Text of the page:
Beech-Nut accused of selling fake apple juice

NEW YORK -- The Beech-Nut baby food company was indicted Wednesday on charges it sold millions of jars of phony apple juice actually filled with sugar water and caramel coloring.

Federal prosecutors in Brooklyn also charged the company continued to ship the jars after learning the juice was bogus in an effort to cut its losses.


U.S. Attorney Andrew Maloney released the 470-count indictment alleging the Beech-Nut Nutrition Corp., its president and five others sold the concoction of beet sugar, cane sugar, corn syrup, apple flavoring, malic acid and caramel coloring in 20 states, Puerto Rico, the Virgin Islands and five foreign countries from 1978 to 1983.

Niels Hoyvald, the Beech-Nut president and chief executive officer, and John Lavery, the firm's vice president for manufacturing, were charged with violations of the Food, Drug and Cosmetics Act, conspiracy and fraud.

'Providing consumers with accurate and informative food labeling is essential to the consumer's ability to make intelligent choices,' Maloney said.

The defendants face up to three years in prison and $10,000 in fines on each count of violating the Drug Act; up to five years and $10,000 for conspiracy, and up to five years and $1,000 for each count of fraud.


In a statement, Beech-Nut, based in Fort Washington, Pa., said the company would plead innocent when arraigned this week.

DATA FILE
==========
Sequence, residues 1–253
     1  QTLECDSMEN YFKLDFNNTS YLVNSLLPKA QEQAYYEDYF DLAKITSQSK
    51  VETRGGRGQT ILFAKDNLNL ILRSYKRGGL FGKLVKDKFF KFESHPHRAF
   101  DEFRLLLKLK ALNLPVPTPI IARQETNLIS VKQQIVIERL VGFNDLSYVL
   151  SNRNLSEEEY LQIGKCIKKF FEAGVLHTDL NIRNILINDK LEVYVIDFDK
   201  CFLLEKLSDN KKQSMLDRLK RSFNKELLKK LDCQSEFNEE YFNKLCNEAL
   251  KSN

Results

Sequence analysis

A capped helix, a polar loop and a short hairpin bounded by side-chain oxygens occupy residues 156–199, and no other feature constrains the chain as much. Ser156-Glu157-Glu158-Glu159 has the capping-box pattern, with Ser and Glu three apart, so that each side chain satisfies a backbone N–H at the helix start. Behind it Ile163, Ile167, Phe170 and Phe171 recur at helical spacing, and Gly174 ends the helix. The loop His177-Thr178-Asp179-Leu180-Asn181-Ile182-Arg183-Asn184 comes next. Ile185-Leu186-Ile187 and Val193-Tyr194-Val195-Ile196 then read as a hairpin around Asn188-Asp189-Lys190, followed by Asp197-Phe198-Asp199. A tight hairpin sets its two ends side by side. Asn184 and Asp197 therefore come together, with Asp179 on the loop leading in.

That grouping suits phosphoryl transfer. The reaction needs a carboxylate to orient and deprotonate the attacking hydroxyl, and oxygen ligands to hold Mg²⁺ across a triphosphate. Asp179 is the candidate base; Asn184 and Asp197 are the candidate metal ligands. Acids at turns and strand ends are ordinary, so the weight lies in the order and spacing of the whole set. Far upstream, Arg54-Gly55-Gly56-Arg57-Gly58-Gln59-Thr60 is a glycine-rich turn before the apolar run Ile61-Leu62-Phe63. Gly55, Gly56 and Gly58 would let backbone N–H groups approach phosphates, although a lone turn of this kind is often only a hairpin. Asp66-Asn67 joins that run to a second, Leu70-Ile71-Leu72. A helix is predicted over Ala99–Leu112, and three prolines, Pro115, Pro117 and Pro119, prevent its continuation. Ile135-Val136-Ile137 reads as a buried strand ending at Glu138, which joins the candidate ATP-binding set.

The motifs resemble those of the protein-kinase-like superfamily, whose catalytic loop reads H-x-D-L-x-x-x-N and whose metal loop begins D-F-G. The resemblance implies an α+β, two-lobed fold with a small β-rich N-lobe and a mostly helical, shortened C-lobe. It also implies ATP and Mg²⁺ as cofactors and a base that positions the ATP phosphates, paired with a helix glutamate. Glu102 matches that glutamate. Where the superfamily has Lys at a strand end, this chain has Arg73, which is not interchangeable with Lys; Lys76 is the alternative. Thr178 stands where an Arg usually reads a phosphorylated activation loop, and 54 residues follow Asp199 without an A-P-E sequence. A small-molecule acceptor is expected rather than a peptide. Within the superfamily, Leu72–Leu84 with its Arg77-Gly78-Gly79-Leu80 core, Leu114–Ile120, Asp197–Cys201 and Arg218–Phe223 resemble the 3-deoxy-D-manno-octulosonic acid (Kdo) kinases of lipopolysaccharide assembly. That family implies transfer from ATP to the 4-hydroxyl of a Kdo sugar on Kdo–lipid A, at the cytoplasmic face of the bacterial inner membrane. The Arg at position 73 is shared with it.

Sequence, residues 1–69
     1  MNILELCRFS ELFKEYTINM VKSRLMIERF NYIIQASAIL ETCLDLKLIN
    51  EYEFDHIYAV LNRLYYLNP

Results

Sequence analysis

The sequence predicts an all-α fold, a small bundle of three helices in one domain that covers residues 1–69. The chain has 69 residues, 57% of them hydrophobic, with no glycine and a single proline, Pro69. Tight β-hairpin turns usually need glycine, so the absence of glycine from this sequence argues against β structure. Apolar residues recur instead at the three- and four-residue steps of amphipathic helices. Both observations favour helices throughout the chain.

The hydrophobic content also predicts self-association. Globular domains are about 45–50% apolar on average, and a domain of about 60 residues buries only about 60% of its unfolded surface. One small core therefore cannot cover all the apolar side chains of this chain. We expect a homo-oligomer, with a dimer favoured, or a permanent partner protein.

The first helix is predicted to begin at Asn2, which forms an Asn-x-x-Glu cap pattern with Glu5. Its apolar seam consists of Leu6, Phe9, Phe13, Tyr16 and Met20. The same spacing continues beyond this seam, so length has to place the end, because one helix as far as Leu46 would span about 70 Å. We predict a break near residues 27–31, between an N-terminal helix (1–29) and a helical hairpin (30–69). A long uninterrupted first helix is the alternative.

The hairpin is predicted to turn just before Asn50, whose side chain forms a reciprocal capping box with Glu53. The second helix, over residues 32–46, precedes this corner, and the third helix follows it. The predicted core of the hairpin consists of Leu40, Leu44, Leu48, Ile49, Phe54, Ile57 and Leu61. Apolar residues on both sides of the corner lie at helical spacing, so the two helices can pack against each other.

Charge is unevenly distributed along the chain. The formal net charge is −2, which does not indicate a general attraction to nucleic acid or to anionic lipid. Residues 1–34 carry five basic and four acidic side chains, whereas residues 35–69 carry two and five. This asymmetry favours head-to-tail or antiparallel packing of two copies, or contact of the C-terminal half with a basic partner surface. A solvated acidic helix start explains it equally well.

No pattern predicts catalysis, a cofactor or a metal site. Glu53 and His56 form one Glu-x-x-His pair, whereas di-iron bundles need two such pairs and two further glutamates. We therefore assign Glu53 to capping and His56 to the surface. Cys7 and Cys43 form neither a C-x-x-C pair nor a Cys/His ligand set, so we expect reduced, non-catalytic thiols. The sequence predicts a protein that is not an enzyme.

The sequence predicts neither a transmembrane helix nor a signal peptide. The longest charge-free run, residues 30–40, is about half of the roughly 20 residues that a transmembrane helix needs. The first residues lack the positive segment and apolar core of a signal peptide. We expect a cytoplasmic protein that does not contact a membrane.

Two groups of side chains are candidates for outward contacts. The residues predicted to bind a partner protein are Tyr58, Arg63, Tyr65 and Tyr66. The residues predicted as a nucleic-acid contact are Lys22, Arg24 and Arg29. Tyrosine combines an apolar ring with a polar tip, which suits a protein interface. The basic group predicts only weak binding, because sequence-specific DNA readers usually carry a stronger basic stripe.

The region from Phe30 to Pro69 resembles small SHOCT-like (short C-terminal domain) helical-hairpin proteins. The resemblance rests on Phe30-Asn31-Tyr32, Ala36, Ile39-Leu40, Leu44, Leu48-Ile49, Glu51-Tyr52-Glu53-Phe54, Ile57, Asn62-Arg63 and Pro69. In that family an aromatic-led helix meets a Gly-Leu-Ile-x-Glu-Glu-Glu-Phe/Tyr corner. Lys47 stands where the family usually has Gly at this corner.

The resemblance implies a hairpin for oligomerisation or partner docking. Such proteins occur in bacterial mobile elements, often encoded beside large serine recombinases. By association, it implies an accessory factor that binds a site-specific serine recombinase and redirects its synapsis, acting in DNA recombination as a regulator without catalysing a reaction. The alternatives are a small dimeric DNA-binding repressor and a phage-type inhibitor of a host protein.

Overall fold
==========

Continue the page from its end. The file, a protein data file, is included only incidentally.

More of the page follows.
The phony juice might be considered a health risk for infants who are diabetic or on special diets, said Pitt Smith, an Food and Drug Administration official in the Buffalo, N.Y., area, where the juice was manufactured.

Smith said the purported scam was discovered during routine FDA testing.

In its statement, Beech-Nut acknowledged 'some' of the concentrate it bought from a supplier did not contain apple juice, although it looked and smelled like the real thing.

But the company maintained that at the time it was using the concentrate, there was 'no generally accepted scientific test to determine whether it was pure apple juice.'

Beech-Nut also said the company recalled juice made from the concentrate in the fall of 1982.

The indictment charged, however, that after government officials contacted Beech-Nut about the juice in July 1982, the company continued to ship millions of jars to minimize a potential loss of $3.5 million.

In addition to Hoyvald and Lavery, who is in charge of the Canajoharie, N.Y, plant where the concentrate was diluted into juice, the indictment named the concentrate suppliers and distributor as participants in the scam.


Those charged were Zeev Kaplansky, former president of Universal Juice Inc., which operated out of the Bronx under the names Interjuice Trading Corp., Nameco Trading and Zee Vee Foods Corp.; Raymond Wells, former owner of Food Complex Co. Inc, of Queens; Nina Williamson, former Food Complex employee and company officer; Danny Shaeffer, of Nameco Trading; and South Orange Express of Clifton, N.J, which labeled, stored and shipped the phony product.

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